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Review: Our Favorite Profilers, Back and on the Hunt for a Serial Killer Network in ‘Criminal Minds: Evolution’

Review: Our Favorite Profilers, Back and on the Hunt for a Serial Killer Network in ‘Criminal Minds: Evolution’

The long-running crime drama Criminal Minds came to an end in February 2020. A dip in ratings likely led to its cancellation on CBS. However, the series’ fanbase grew during the pandemic when everyone was quarantined and binge-watching it on Netflix. Showrunner Erica Messer took notice and, teaming with Criminal Minds writers Breen Frazier and Chris Barbour, and director Glenn Kershaw, a new chapter was born.

It doesn’t sound like it took much convincing to get the cast back together. Aisha Tyler told EW, “Our characters had more to communicate, more to accomplish, more evolution to be engaged in.”  

Spoiler warning for Seasons 1–15 of Criminal Minds

The last time we saw the FBI’s Behavioral Analysis Unit (BAU) in Season 15, they’d just taken down the murderous chameleon con man Everett Lynch (Michael Mosley) and a few team members were about to make some big changes. Penelope Garcia (Kirsten Vangsness) was heading to work at a nonprofit and made a dinner date with former coworker Luke Alvez (Adam Rodriguez). Jennifer “JJ” Jareau (A.J. Cook) was considering a position at the New Orleans field office. Emily Prentiss (Paget Brewster) would remain Unit Chief, but she and her boyfriend Andrew Mendoza (Stephen Bishop) were looking to purchase land in Colorado. Both Dr. Tara Lewis (Aisha Tyler) and Matt Simmons (Daniel Henney) seemingly stayed with the team, while Dr. Spencer Reid (Matthew Gray Gubler) planned on juggling teaching and profiling. David Rossi (Joe Mantegna) thought about retiring and then didn’t. 

Criminal Minds: Evolution begins in 2005, following the series’ mysterious unsub expertly played by Zach Gilford (The Midnight Club) as he prepares to kill his latest victim. We then jump ahead to present-day 2022 to someone who appears to be the same killer, but later we find out a larger operation is at work. 

The remaining BAU members are mostly split up in different locations and working on different cases, but in true Criminal Minds fashion, it’s all connected in some way. Dr. Lewis inspects an abandoned shipping container filled with various killing tools, bones, and dead bodies from 2005 to 2020 (which happens to be the show’s initial run). A disheveled Rossi is holed up in a hotel room surrounded by bloody crime scene photos, while Prentiss, now the BAU Section Chief, is dealing with a new and very condescending deputy director. Luke and JJ connect with Rossi on his case, and Prentiss talks with Lewis about hers.

We get some exposition to catch us up on what’s gone down since 2020, mostly about the COVID-19 pandemic, which is central to the narrative. Turns out that when the world shuts down, serial killers have significantly fewer victims available to them, leading to the formation of an entire serial killer network. 

Ms. Penelope Garcia is off doing her own thing away from all the trauma and death of the BAU. But since she’s the best of the best, she’s called in to help out with Rossi’s case in need of technical expertise. In Criminal Minds, Garcia was the glue holding the team together, so it’s a gift that Kirsten Vangsness reprised her role. However, we’re missing a couple of fan favorites.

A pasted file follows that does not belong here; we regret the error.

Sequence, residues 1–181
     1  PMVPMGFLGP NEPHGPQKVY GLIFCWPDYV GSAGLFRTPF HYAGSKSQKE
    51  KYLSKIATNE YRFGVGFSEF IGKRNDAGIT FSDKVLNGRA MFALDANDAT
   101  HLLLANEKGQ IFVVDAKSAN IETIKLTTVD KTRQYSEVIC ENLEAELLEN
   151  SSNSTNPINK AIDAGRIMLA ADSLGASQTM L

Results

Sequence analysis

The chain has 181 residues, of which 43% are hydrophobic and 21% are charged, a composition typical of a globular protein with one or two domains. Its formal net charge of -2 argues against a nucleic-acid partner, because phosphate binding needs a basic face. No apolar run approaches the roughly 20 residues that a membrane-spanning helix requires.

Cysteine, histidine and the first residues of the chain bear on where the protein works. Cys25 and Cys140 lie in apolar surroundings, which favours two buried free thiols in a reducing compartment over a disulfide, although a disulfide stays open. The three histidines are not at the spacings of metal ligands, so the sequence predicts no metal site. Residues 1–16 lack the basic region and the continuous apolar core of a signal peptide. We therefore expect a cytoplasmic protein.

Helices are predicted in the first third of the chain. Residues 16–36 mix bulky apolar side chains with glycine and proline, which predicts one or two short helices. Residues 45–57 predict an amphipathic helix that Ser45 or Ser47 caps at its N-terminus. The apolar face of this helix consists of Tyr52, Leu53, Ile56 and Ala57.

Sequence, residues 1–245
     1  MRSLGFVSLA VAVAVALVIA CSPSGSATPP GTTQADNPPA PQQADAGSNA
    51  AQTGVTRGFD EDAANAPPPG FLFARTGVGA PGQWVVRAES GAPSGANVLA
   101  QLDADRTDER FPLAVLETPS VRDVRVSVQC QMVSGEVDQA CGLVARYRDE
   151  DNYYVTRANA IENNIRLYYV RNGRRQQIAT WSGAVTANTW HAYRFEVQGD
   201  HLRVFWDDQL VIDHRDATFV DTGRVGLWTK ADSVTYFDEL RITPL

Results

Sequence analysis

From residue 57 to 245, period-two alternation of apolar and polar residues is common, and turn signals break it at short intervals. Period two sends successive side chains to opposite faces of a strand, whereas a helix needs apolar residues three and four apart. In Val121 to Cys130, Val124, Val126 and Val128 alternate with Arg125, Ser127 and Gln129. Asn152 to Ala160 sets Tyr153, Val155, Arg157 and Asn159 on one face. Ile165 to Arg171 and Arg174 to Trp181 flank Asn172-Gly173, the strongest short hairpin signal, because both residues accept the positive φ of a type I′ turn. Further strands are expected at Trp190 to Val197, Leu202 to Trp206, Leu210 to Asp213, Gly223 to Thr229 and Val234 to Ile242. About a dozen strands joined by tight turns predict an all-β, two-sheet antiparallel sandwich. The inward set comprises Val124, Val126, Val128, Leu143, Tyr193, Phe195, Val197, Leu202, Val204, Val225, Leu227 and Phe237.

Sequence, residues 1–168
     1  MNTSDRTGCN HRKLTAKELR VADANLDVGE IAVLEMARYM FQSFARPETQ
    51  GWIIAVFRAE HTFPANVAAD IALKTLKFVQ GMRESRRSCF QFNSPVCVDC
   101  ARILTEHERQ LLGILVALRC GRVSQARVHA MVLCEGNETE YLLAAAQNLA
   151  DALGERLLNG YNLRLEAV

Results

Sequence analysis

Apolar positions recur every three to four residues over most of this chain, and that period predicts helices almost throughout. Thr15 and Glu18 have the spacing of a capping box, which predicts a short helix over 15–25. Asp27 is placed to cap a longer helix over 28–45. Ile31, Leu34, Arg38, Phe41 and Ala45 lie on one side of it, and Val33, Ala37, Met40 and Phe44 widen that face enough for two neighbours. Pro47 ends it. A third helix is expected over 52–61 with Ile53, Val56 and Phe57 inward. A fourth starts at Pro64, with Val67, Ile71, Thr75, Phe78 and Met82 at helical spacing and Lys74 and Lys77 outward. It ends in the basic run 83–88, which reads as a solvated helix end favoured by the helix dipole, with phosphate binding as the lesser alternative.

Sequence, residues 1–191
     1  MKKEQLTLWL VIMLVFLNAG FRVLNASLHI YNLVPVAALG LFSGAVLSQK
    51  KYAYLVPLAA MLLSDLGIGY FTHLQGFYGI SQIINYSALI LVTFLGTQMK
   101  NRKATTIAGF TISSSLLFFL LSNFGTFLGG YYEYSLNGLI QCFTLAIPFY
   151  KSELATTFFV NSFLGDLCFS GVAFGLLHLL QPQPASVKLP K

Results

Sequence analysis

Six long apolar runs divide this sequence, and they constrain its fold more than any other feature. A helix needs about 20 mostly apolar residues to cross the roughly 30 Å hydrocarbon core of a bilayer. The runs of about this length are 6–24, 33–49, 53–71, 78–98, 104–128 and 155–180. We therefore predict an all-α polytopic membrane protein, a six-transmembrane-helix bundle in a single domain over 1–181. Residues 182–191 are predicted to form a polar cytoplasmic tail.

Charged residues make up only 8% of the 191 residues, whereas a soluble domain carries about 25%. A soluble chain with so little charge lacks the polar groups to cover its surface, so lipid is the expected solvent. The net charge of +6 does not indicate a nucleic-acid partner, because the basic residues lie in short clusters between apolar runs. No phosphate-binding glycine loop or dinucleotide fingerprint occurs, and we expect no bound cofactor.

The absence of Daniel Henney’s Matt Simmons and Matthew Gray Gubler’s Dr. Spencer Reid is noticeable. With Henney’s commitment to Amazon’s Wheel of Time, his absence isn’t much of a surprise. MGG always has projects in the works from acting to directing to writing children’s books. Their characters are definitely missed, but I can assure you that it doesn’t impact the quality of Evolution. It’s a solid cast with incredible chemistry who have had to adapt to many changes over the years, and they’ve always stayed strong. 

One of the strengths of Criminal Minds has always been their dark storylines and depraved unsubs like Adam Rain, the guy who turned humans into live marionettes with disjointed bones (Season 8, Episode 10, “The Lesson”), or the woman who kept other women paralyzed and dressed them up like dolls (Season 5, Episode 12, “The Uncanny Valley”). The camera would cut away before we saw anything too gruesome, and Evolution does the same. It’s not a Dexter level of blood, but what we do see is slightly more graphic than the CBS run. 

Of course, not being on network television opens up a lot of possibilities for the creators. The first two episodes don’t have a heavy amount of explicit language, but an unfiltered David Rossi just makes sense. At Paramount+’s Television Critics Association panel, Erica Messer said, “I feel like the dialogue feels more authentic in that sense of law enforcement.” If any profession warrants a curse word or several, it’s the FBI, especially all the wild and frustrating cases the (fictional) BAU constantly has to deal with. Everyone sort of has an edge to them since they’re all dealing with years of unresolved trauma. But the humor is still there, particularly when Garcia is around. 

Criminal Minds: Evolution has hints of Mindhunter that give the series a darker tone fitting for the streaming world, but it doesn’t stray too far from its own aesthetic. It keeps all the things we love about the original series while expanding and introducing new elements, including music that’s much more ominous and atmospheric, that give it a more cinematic style. 

The first two episodes of Criminal Minds: Evolution will premiere Thanksgiving Day, November 24, 2022, on Paramount+, followed by weekly episodes every Thursday. 

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